Every new parent worries about their baby. One easy way to keep a check on your baby’s health is by checking their nappies. Your baby’s pee and poop can tell you a lot about their health. For example, once your baby is five days old, at least five wet nappies throughout the day are a clear indicator that your baby is hydrated and is getting enough milk. But sometimes parents notice that their baby has strong-smelling urine. Today we are discussing baby urine, smelly urine, and what it means.
Usually, a baby’s urine has little to no smell, but in the case of smelly urine, it could mean a lot of different things. First of all, if your baby is otherwise fine, showing signs of getting enough milk, and the urine is pale in color, then it could be completely normal and just a one-off case where your baby might have had a little less milk and that resulted in more concentrated urine. If your breastfed baby has strong-smelling urine and continues to have a strong odor, then it could mean that he or she is not getting enough milk or suffering from a urinary tract infection.
Before you hit the panic button, take a deep breath because this happens with a lot of babies. Let’s discuss why your baby’s urine might be smelling and what you can do to help your little one.
Does Breast Feeding Impact Your Baby’s Urine Smell?
When it comes to exclusively breastfed babies, a strong urine smell can simply be because of what you ate. A maternal diet can affect the baby’s urine and sometimes make it smell strong.
As a new mom, you might have heard that everything you eat and drink affects your baby. That’s why doctors always recommend avoiding alcohol and smoking, not just when you are pregnant, but also when you are breastfeeding. Your baby gets all the nutrition it needs from what you eat through your breast milk.
When you eat certain foods, it can make your baby’s pee smell.
Foods A Breast Feeding Mom Eats That May Cause A Strong Smell In Baby’s Urine
While there is no scientific evidence backing which foods can actually make your baby’s pee smell, there are some common foods that are known to trigger this. If you notice that your baby’s urine smells, think about what you ate for dinner last night.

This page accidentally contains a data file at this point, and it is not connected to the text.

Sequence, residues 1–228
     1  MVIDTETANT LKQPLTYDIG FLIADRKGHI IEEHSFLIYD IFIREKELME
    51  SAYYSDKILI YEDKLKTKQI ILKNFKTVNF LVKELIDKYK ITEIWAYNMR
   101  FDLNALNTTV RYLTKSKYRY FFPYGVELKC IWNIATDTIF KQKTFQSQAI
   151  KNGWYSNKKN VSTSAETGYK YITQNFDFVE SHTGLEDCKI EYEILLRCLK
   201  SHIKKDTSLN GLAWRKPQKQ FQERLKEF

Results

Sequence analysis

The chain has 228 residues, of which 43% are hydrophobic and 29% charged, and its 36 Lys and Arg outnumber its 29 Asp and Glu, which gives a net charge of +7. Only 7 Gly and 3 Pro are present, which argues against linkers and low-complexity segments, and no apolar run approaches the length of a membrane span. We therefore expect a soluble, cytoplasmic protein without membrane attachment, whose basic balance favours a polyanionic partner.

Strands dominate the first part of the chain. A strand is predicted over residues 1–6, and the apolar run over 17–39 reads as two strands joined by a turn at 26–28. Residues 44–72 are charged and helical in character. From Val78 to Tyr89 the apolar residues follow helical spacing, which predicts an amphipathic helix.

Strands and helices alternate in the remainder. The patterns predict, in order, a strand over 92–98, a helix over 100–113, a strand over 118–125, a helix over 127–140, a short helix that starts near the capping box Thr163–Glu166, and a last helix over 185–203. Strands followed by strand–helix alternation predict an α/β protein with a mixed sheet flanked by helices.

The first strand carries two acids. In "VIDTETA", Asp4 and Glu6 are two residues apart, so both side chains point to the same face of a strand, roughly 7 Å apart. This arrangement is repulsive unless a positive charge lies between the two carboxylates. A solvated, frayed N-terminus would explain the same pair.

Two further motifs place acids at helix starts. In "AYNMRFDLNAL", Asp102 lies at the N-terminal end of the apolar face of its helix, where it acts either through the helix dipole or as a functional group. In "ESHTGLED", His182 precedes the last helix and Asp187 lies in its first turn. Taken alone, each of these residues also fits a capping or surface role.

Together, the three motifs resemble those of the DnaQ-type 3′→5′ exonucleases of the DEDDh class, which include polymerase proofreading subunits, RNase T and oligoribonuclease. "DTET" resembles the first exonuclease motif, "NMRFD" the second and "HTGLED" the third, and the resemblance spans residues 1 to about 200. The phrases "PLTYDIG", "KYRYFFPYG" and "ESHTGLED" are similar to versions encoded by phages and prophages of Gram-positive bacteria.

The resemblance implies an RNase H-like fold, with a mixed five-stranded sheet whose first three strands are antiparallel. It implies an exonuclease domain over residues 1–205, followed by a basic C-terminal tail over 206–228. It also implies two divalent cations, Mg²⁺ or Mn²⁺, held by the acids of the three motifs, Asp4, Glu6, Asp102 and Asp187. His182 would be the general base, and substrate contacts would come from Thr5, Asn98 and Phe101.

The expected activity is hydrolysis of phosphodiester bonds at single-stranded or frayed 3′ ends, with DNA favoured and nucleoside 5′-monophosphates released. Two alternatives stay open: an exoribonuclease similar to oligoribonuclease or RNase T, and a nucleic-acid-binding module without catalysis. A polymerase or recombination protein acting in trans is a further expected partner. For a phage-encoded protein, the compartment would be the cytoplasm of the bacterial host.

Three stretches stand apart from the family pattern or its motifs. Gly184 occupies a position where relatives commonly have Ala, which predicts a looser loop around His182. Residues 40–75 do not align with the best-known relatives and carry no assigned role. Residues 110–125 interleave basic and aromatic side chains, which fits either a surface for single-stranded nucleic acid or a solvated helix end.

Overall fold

When you are exclusively breastfeeding your baby, what you eat can influence your baby’s pee smell. Many vegetables and herbs, when eaten by the mother, can affect the baby’s urine odor. Below are some foods that a lot of mammas out there can vouch for when it comes to making the baby’s urine smell strong.
- Asparagus: This one tops the list as it is known to cause pee to smell strong even in adults. It contains high asparagusic acid content which, when broken down, causes chemicals to release, leading to a strong urine smell both for mamma and baby.
- Onion: Onions release methyl mercaptan during digestion, so if you have enjoyed some nice caramelized onions on your burgers for dinner, then your baby’s urine might smell strong.
- Garlic: Garlic belongs to the same family as onions and that’s exactly why this pungent-smelling vegetable can make your baby’s urine smell like you ate too much garlic!
- Brussel Sprouts: Brussel sprouts make a great healthy snack, but when broken down by your system, they can release digestive chemicals that can make your pee and the baby’s pee smell strong.
These are some of the known culprits that can make your baby’s diaper stink in the morning. The next time you notice this, make a note of what you ate throughout the day before you jump to conclusions, and avoid that food if you are not a fan of foul-smelling urine.
Additionally, if the mother is taking antibiotics, it can also cause the baby’s urine to emit a strange smell. Everything that the mother ingests affects the breast milk, including medicines like antibiotics, and they get passed on to the baby.
Baby Urine Smell Causes
Whether you are breastfeeding your little one or formula-feeding, chances are that you might notice smelly urine at some point. Usually, baby pee has a very mild or no smell; that’s why those wet nappies are a sign that your little one is eating and peeing well.
Sometimes, due to various reasons, baby pee smells strong and leaves behind a stinking diaper. The human body works by processing all the food we eat, and the kidneys filter out the waste and release the extra water content from the body in the form of urine. The same happens in your little one’s system as well, so, depending on the food your little one ate or if you are a breastfeeding mom, what you ate will affect your baby’s urine smell.
Apart from what you or your baby ate, strong-smelling urine can be caused by other reasons like dehydration or a urinary tract infection (UTI). If your baby’s urine has a vinegar-like smell, then it could be a sign that he or she is about to get a cold or suffering from a UTI or dehydration.